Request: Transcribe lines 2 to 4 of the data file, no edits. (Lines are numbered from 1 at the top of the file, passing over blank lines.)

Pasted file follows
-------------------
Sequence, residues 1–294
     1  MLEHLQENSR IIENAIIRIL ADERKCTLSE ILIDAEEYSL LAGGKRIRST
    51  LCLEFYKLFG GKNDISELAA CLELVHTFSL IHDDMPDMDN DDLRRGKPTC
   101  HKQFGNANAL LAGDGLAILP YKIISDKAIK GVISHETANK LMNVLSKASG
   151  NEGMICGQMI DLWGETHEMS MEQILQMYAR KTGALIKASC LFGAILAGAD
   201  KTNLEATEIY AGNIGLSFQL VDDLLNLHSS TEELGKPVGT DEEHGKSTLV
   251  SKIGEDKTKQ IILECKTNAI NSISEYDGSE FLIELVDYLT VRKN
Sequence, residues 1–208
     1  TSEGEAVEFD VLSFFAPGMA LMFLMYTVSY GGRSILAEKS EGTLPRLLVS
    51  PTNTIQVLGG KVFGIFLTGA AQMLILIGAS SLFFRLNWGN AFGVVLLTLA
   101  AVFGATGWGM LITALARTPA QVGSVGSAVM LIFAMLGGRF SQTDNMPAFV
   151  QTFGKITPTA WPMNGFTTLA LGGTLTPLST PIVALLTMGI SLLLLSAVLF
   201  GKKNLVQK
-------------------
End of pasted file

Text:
     1  MLEHLQENSR IIENAIIRIL ADERKCTLSE ILIDAEEYSL LAGGKRIRST
    51  LCLEFYKLFG GKNDISELAA CLELVHTFSL IHDDMPDMDN DDLRRGKPTC
   101  HKQFGNANAL LAGDGLAILP YKIISDKAIK GVISHETANK LMNVLSKASG